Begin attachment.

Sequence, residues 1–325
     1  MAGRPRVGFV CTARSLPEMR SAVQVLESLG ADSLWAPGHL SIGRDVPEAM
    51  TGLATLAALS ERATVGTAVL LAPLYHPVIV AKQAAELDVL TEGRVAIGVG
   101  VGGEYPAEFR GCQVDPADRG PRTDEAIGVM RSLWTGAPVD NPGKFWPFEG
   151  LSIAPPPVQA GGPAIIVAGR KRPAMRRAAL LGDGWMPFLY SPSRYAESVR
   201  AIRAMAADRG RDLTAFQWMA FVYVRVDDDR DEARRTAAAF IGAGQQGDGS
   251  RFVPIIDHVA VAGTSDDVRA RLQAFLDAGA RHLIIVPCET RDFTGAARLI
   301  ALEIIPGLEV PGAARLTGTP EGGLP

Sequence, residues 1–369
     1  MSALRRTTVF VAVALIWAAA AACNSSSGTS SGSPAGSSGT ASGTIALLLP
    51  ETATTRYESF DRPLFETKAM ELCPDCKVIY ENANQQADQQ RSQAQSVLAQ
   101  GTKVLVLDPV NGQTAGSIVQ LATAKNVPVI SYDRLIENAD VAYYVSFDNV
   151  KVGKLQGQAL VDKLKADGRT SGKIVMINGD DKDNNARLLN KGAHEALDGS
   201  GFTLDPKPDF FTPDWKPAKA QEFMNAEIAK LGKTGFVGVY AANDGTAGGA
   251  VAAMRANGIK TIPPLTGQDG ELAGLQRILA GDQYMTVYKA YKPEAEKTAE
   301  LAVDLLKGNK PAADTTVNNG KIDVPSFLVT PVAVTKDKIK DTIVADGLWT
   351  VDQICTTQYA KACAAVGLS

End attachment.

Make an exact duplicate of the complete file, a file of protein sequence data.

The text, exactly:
Sequence, residues 1–325
     1  MAGRPRVGFV CTARSLPEMR SAVQVLESLG ADSLWAPGHL SIGRDVPEAM
    51  TGLATLAALS ERATVGTAVL LAPLYHPVIV AKQAAELDVL TEGRVAIGVG
   101  VGGEYPAEFR GCQVDPADRG PRTDEAIGVM RSLWTGAPVD NPGKFWPFEG
   151  LSIAPPPVQA GGPAIIVAGR KRPAMRRAAL LGDGWMPFLY SPSRYAESVR
   201  AIRAMAADRG RDLTAFQWMA FVYVRVDDDR DEARRTAAAF IGAGQQGDGS
   251  RFVPIIDHVA VAGTSDDVRA RLQAFLDAGA RHLIIVPCET RDFTGAARLI
   301  ALEIIPGLEV PGAARLTGTP EGGLP

Sequence, residues 1–369
     1  MSALRRTTVF VAVALIWAAA AACNSSSGTS SGSPAGSSGT ASGTIALLLP
    51  ETATTRYESF DRPLFETKAM ELCPDCKVIY ENANQQADQQ RSQAQSVLAQ
   101  GTKVLVLDPV NGQTAGSIVQ LATAKNVPVI SYDRLIENAD VAYYVSFDNV
   151  KVGKLQGQAL VDKLKADGRT SGKIVMINGD DKDNNARLLN KGAHEALDGS
   201  GFTLDPKPDF FTPDWKPAKA QEFMNAEIAK LGKTGFVGVY AANDGTAGGA
   251  VAAMRANGIK TIPPLTGQDG ELAGLQRILA GDQYMTVYKA YKPEAEKTAE
   301  LAVDLLKGNK PAADTTVNNG KIDVPSFLVT PVAVTKDKIK DTIVADGLWT
   351  VDQICTTQYA KACAAVGLS